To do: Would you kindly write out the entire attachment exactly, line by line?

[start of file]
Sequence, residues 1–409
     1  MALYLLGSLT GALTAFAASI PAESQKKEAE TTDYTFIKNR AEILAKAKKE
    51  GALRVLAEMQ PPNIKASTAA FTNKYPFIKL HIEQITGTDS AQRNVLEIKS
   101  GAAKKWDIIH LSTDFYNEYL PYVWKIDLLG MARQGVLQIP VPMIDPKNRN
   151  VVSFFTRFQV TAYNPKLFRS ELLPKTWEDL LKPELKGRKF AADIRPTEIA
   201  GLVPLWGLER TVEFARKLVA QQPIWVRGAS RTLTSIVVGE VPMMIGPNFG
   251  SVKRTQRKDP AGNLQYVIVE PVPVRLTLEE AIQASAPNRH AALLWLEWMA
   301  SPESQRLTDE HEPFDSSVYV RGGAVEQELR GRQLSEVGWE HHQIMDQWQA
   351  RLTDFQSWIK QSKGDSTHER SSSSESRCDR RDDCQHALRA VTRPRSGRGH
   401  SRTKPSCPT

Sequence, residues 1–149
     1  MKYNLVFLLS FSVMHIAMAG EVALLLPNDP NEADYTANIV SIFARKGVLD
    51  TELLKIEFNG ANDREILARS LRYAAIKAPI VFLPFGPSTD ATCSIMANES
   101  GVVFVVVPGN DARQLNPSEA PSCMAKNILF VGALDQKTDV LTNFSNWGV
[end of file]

Sequence, residues 1–409
     1  MALYLLGSLT GALTAFAASI PAESQKKEAE TTDYTFIKNR AEILAKAKKE
    51  GALRVLAEMQ PPNIKASTAA FTNKYPFIKL HIEQITGTDS AQRNVLEIKS
   101  GAAKKWDIIH LSTDFYNEYL PYVWKIDLLG MARQGVLQIP VPMIDPKNRN
   151  VVSFFTRFQV TAYNPKLFRS ELLPKTWEDL LKPELKGRKF AADIRPTEIA
   201  GLVPLWGLER TVEFARKLVA QQPIWVRGAS RTLTSIVVGE VPMMIGPNFG
   251  SVKRTQRKDP AGNLQYVIVE PVPVRLTLEE AIQASAPNRH AALLWLEWMA
   301  SPESQRLTDE HEPFDSSVYV RGGAVEQELR GRQLSEVGWE HHQIMDQWQA
   351  RLTDFQSWIK QSKGDSTHER SSSSESRCDR RDDCQHALRA VTRPRSGRGH
   401  SRTKPSCPT

Sequence, residues 1–149
     1  MKYNLVFLLS FSVMHIAMAG EVALLLPNDP NEADYTANIV SIFARKGVLD
    51  TELLKIEFNG ANDREILARS LRYAAIKAPI VFLPFGPSTD ATCSIMANES
   101  GVVFVVVPGN DARQLNPSEA PSCMAKNILF VGALDQKTDV LTNFSNWGV